As its name suggests, the Blue Mosque is called so because of its unique interiors that are characterized by ornate blue and white tiles. The Blue Mosque still functions as a mosque, and people still bow down to pray under its cavernous dome.

Till the 19th century, this place was host to a madrasa, a primary school, hospital, market, imaret, and a tomb of the Sultan.

Blue Mosque

It is very difficult to get the whole picture of the Blue Mosque; it is gigantic. The interiors of this place are absolutely stunning.

Interesting Fact!! Or Myth!! The Story

The Sultan of this mosque had ordered the minarets to be made in gold but he ran out of money. So he decided to build 6 minarets instead of 4 to bring uniqueness to the mosque. And hence, the Blue Mosque is the only mosque in Turkey with 6 minarets. It has 260 windows and a central dome with 4 half domes on either side.

Well, this is one of the stories I heard from the locals. The other one depicts that there was a misunderstanding between the Sultan and the architect. The Sultan wanted the mosque to be unique so he instructed that the minarets be made in “altin” (meaning gold); however, the architect misheard as “alti” (meaning six) minarets. That is how there are 6 minarets to this mosque.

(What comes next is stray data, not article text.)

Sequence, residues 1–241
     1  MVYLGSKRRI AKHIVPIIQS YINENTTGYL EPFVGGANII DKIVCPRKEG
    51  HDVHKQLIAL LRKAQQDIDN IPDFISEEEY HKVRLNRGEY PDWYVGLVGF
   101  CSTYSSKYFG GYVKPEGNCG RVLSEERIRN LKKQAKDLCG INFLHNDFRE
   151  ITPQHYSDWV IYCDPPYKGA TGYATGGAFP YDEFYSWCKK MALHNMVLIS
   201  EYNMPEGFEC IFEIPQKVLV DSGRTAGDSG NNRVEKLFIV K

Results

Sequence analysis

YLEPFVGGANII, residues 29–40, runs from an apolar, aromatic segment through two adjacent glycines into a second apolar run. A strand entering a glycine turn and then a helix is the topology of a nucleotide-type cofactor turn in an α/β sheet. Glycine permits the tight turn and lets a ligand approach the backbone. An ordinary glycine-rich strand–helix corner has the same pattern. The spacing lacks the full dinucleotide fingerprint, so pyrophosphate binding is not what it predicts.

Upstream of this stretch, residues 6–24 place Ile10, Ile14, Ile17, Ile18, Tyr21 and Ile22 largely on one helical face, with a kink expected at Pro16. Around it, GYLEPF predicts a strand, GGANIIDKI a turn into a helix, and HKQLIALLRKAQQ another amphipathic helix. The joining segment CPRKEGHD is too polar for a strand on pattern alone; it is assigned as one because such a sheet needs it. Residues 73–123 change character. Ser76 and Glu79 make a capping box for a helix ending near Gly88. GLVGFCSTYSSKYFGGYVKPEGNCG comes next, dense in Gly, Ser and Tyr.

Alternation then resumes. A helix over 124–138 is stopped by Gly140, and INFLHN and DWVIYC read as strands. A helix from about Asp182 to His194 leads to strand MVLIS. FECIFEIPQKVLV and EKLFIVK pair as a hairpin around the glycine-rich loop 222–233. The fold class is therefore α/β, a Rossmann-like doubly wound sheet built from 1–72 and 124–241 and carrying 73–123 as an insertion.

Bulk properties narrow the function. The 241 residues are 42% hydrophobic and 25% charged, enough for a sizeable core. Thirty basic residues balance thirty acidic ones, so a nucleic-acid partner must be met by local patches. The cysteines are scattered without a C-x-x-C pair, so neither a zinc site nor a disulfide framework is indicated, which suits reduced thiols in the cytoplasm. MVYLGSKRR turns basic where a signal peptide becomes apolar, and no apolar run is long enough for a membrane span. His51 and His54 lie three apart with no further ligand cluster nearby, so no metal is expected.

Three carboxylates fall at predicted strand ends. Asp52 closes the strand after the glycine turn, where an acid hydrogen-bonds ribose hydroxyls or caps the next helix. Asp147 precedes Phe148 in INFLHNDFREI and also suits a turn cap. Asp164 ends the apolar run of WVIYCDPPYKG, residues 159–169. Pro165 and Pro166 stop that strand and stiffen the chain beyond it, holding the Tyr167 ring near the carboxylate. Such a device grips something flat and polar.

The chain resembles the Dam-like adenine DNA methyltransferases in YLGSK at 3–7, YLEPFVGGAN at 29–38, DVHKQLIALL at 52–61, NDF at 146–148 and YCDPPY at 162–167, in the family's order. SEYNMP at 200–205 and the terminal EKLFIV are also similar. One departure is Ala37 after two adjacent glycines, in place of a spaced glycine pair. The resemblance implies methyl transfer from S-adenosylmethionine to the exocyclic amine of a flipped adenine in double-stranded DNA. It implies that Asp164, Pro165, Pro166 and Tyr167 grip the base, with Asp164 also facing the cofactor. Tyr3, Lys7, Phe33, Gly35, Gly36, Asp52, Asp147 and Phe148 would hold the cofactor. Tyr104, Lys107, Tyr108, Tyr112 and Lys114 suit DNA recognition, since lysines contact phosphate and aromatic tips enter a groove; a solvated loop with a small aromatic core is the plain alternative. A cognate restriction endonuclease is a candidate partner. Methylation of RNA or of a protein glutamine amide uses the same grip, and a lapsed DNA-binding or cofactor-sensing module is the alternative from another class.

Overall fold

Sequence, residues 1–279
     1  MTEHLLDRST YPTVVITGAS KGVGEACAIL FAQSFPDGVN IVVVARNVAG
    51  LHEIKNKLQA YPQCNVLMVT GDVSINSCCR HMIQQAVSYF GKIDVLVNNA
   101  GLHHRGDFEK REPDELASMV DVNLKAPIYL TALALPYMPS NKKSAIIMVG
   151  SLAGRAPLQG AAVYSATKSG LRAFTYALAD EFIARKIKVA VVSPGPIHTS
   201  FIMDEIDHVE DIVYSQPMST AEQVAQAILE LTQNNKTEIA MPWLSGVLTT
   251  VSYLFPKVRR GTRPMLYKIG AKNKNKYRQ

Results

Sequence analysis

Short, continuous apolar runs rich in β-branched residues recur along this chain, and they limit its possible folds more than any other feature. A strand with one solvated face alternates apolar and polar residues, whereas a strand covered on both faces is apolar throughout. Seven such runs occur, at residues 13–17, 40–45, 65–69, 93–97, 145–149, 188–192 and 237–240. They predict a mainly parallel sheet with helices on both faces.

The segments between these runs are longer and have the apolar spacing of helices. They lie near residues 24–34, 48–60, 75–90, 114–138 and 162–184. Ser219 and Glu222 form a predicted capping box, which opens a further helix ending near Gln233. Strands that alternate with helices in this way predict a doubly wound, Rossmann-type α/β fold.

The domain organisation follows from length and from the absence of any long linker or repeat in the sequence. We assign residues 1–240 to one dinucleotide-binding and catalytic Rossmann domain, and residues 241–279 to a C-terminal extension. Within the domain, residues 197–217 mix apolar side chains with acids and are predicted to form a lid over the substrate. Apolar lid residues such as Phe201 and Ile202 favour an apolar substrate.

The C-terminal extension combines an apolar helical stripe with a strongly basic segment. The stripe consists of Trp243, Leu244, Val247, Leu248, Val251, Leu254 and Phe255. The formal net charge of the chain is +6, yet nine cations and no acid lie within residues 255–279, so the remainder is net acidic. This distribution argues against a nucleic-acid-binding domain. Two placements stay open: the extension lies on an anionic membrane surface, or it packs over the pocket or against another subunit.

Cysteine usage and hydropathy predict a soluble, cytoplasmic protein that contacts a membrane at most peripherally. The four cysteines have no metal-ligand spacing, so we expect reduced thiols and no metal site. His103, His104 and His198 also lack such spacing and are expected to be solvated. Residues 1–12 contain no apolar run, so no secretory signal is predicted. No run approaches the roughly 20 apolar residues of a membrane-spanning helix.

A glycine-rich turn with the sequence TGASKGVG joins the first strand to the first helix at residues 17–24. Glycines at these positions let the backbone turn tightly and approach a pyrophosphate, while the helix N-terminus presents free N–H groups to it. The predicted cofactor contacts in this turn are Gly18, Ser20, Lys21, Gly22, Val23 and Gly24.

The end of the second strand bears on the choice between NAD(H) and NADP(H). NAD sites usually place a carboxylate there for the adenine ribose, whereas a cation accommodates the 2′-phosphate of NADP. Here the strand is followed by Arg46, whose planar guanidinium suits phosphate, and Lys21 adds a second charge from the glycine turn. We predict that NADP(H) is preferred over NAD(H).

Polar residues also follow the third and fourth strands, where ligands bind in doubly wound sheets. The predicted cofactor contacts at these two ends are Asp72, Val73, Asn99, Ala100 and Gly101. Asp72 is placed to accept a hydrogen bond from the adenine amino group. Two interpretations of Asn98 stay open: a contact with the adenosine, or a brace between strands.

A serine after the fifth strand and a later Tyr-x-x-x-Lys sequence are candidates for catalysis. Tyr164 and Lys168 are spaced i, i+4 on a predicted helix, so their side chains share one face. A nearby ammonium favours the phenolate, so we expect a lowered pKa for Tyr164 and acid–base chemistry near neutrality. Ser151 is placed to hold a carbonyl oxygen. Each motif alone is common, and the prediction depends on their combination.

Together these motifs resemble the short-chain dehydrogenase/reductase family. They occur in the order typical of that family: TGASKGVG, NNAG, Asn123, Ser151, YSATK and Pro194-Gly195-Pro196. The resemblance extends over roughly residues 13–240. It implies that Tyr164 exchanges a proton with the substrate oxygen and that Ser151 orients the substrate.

A French poet once wrote – “If one had but a single glance, to give the world, one should gaze on Istanbul.”

3. Hagia Sophia: Aya Sofya

Standing right next to the Blue Mosque is one of the finest architectural masterpieces of Turkey; Hagia Sophia. It is considered to be the most admired structure of Byzantine times. It was built as an Orthodox church during the Eastern Roman Empire and was the most imposing monument of those times.

Hagia Sofia

It was converted to a mosque immediately after the Turks conquered Istanbul; then Constantinople. It was after the fall of the Ottoman Empire that Hagia Sofia was converted into a museum. The building dates back in the 1400s and even today, you will see the juxtaposition of Islamic and Christian art within.

The whole structure is a rise up of domes and minarets that centers around the huge central dome. Inside, it has a cavernous interior that is an array of domed and arched spaces, focusing on the shell-like alcove and the gigantic dome.